Powers critics donate to 2 Hall committee members
AUSTIN, Texas (AP) - Critics of University of Texas President Bill Powers have made donations to the campaigns of two members of a legislative committee that's investigating an anti-Powers UT System regent.
The San Antonio Express-News reports campaign finance reports show campaign contributions from Powers critic Jeff Sandefer and Empower Texans PAC, a political action committee of Powers critic Michael Quinn Sullivan. The contributions went to state Reps. Charles Perry and Dan Flynn, two Republican members of the House Select Committee on Transparency in State Operations. Flynn is co-chairman of the eight-member committee.
The committee is scheduled to meet Thursday in Austin and is about to take up a report that accuses UT System regent Wallace Hall of possibly criminal misconduct in his campaign to depose Powers.
JOBS-TEXAS VS NY
Texas Gov. Perry challenges Cuomo on business
ALBANY, N.Y. (AP) - Texas Gov. Rick Perry is countering Gov. Andrew Cuomo's latest initiative to lure businesses from out of state with a renewed bid to snag jobs from New York, a tactic he's tried from coast to coast.
Perry, a Republican, is slated to be in New York City on Wednesday to meet business owners to convince them to move their operations to Texas, where he says the business climate is friendlier.
Perry would not detail how many business meetings he has or with whom.
Cuomo's Start-Up NY program, which allows businesses that locate near college campuses to operate tax-free for 10 years, has had commercials playing in Texas.
Perry made a similar trip to New York last June.
Man in 70s dies on flight from Texas to California
IRVINE, Calif. (AP) - Authorities say a 78-year-old Texas man has died on a plane flight from Dallas to Southern California.
Orange County coroner's officials say John Selner of Fort Worth died of natural causes during the flight Tuesday morning.
The Orange County Register (http://bit.ly/1iI5mdh ) says the man was on American Airlines Flight 2249 when the crew notified John Wayne Airport that they had a medical emergency. They also performed CPR.
The flight landed shortly after 11:30 a.m. Orange County fire Capt. Steve Concialdi says paramedics worked on the man but he was pronounced dead about 10 minutes after the landing.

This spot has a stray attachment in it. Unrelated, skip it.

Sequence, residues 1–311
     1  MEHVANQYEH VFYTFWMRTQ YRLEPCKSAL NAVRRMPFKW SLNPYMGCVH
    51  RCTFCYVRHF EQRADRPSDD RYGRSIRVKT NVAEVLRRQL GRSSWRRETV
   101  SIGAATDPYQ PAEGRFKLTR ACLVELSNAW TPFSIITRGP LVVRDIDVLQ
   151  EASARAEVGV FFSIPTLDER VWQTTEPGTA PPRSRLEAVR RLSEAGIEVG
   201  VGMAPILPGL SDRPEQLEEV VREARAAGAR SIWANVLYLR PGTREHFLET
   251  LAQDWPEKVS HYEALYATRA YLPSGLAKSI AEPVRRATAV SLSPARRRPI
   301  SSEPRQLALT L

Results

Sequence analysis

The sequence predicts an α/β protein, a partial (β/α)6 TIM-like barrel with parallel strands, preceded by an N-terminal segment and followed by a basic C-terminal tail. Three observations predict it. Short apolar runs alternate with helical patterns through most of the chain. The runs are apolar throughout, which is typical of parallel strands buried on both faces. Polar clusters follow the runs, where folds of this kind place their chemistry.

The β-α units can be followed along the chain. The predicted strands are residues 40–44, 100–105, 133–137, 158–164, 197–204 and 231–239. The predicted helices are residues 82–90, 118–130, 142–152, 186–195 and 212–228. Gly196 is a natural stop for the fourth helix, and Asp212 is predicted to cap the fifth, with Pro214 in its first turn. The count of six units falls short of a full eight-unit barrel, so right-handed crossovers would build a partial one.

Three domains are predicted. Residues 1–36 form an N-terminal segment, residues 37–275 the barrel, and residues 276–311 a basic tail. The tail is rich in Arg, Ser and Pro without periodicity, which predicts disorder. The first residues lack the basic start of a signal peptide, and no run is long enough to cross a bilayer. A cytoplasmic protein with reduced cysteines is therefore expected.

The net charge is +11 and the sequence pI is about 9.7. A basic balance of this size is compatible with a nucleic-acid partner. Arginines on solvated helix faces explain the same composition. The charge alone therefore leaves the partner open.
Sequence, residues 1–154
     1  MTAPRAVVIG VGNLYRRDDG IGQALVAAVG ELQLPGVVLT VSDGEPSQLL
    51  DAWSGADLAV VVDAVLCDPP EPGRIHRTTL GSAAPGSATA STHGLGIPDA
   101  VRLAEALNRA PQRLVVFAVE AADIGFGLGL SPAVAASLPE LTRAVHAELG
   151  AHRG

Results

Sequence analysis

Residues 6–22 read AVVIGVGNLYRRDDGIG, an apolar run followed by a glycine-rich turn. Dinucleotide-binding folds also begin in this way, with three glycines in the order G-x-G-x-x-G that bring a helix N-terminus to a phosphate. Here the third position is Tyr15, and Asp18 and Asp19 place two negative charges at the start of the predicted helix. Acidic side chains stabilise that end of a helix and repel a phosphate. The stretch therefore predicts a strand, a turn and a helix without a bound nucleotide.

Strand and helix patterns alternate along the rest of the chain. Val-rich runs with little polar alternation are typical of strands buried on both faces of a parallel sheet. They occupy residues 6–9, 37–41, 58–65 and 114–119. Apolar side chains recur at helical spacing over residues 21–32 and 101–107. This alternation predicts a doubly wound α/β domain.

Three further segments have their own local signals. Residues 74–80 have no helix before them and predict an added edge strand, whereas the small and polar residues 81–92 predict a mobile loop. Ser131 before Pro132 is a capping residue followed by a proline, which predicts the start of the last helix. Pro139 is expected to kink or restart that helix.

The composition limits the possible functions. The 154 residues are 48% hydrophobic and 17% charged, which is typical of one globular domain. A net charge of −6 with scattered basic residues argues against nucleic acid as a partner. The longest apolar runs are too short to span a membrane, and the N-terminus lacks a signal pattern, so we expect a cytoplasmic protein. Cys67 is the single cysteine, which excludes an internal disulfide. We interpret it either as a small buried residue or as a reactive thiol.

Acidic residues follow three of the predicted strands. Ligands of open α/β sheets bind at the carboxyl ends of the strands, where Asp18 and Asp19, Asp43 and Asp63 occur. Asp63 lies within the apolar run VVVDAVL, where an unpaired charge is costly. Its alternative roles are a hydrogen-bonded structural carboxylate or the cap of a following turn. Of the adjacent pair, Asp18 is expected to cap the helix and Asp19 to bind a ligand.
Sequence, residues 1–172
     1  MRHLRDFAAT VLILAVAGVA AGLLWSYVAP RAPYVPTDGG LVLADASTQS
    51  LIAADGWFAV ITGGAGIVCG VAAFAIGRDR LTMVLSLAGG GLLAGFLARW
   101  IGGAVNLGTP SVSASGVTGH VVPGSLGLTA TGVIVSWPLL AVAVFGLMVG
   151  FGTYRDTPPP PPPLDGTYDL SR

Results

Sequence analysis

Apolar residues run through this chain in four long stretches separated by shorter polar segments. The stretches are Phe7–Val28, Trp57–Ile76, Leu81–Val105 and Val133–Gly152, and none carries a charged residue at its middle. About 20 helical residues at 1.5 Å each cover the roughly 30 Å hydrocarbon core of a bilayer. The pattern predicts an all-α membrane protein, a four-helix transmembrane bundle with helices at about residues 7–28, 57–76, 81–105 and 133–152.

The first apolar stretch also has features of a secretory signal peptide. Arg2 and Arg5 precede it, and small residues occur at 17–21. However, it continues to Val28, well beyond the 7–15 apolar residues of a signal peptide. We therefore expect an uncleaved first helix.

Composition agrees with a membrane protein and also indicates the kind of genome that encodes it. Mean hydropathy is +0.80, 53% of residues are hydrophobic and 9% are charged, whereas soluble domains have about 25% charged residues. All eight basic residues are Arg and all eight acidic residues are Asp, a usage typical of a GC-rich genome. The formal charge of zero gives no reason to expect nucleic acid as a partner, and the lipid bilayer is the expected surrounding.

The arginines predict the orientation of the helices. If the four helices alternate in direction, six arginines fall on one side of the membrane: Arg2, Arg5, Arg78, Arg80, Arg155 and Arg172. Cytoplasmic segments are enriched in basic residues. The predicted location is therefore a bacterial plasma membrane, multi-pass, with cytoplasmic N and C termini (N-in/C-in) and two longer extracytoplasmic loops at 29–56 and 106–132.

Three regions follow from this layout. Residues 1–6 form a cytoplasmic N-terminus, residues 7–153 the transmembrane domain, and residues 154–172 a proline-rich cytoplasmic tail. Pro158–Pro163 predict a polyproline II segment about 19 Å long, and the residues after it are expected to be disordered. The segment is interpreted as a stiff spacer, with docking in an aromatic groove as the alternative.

FEDERAL METH CONVICTION
Man gets 11½ years for methamphetamine conviction
TEXARKANA, Ark. (AP) - A DeSoto, Texas, man who pleaded guilty in western Arkansas to conspiracy to distribute methamphetamine has been sentenced to 11½ years in federal prison.
Prosecutors say 42-year-old Claudie Miller Jr. was arrested in a methamphetamine distribution investigation that began in 2011. U.S. Attorney Conner Eldridge says Miller was identified as the primary source for the illegal stimulant in supplying the ring. Court records show that the drug was being shipped in one-pound quantities.
Authorities also confiscated $147,000 in cash found during a traffic stop of a car belonging to Miller during the investigation.
Miller pleaded guilty last year in Texarkana to one count of conspiracy to distribute methamphetamine and was sentenced Tuesday.
Widow wants suburban mayor's death probe reopened
SAN ANTONIO (AP) - The widow of a South Texas mayor whose death police blamed on an aggressive donkey wants his body exhumed and an inquest performed in his death.
The Atascosa (a-tuhs-KOH'-suh) County Sheriff's Office had said the death of Hollywood Park Mayor William "Bill" Bohlke (BOHL'-kee) was apparently accidental, blaming it on the 500-pound stud donkey.
However, Toni Bohlke says she suspects her 65-year-old husband's death was a homicide and wants an autopsy performed on his body. Bohlke was a retired Air Force pilot and was buried in Fort Sam Houston National Hospital.
State District Judge Laura Salinas has agreed to order the exhumation, but an Atascosa County justice of the peace must still order an inquest before the body can be exhumed.
Feds: New laws, oversight needed after Texas blast
WEST, Texas (AP) - Federal investigators and experts say Texas and federal agencies have a long way to go to prevent another disaster like the catastrophic fertilizer plant blast that killed 15 people a year ago.
The U.S. Chemical Safety Board held a hearing Tuesday night in West, Texas, where an explosion of ammonium nitrate one year ago also injured 200 people and leveled part of this tiny city.
They spoke before a packed room of local officials and residents a few miles from where the plant once stood.
Experts say the patchwork of federal, state and local regulations still needs to be improved.
They say volunteer firefighters are still given conflicting guidance and not enough training on whether to fight a fire with ammonium nitrate and when to retreat.
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